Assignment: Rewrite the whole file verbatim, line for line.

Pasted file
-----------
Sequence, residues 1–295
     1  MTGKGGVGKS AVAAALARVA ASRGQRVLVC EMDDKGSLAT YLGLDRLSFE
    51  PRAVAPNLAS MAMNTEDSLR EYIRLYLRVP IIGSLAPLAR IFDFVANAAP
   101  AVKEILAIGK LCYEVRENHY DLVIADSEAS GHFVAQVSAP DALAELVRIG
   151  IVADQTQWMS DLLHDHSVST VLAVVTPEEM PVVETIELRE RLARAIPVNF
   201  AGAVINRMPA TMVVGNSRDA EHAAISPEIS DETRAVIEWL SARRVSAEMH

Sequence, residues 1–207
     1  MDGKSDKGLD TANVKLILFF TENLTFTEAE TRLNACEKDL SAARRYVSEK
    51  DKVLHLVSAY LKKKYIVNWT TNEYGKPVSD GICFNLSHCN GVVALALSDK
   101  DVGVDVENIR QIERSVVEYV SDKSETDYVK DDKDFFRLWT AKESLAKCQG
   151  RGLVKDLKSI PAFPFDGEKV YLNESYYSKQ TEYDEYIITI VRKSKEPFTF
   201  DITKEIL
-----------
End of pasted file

Sequence, residues 1–295
     1  MTGKGGVGKS AVAAALARVA ASRGQRVLVC EMDDKGSLAT YLGLDRLSFE
    51  PRAVAPNLAS MAMNTEDSLR EYIRLYLRVP IIGSLAPLAR IFDFVANAAP
   101  AVKEILAIGK LCYEVRENHY DLVIADSEAS GHFVAQVSAP DALAELVRIG
   151  IVADQTQWMS DLLHDHSVST VLAVVTPEEM PVVETIELRE RLARAIPVNF
   201  AGAVINRMPA TMVVGNSRDA EHAAISPEIS DETRAVIEWL SARRVSAEMH

Sequence, residues 1–207
     1  MDGKSDKGLD TANVKLILFF TENLTFTEAE TRLNACEKDL SAARRYVSEK
    51  DKVLHLVSAY LKKKYIVNWT TNEYGKPVSD GICFNLSHCN GVVALALSDK
   101  DVGVDVENIR QIERSVVEYV SDKSETDYVK DDKDFFRLWT AKESLAKCQG
   151  RGLVKDLKSI PAFPFDGEKV YLNESYYSKQ TEYDEYIITI VRKSKEPFTF
   201  DITKEIL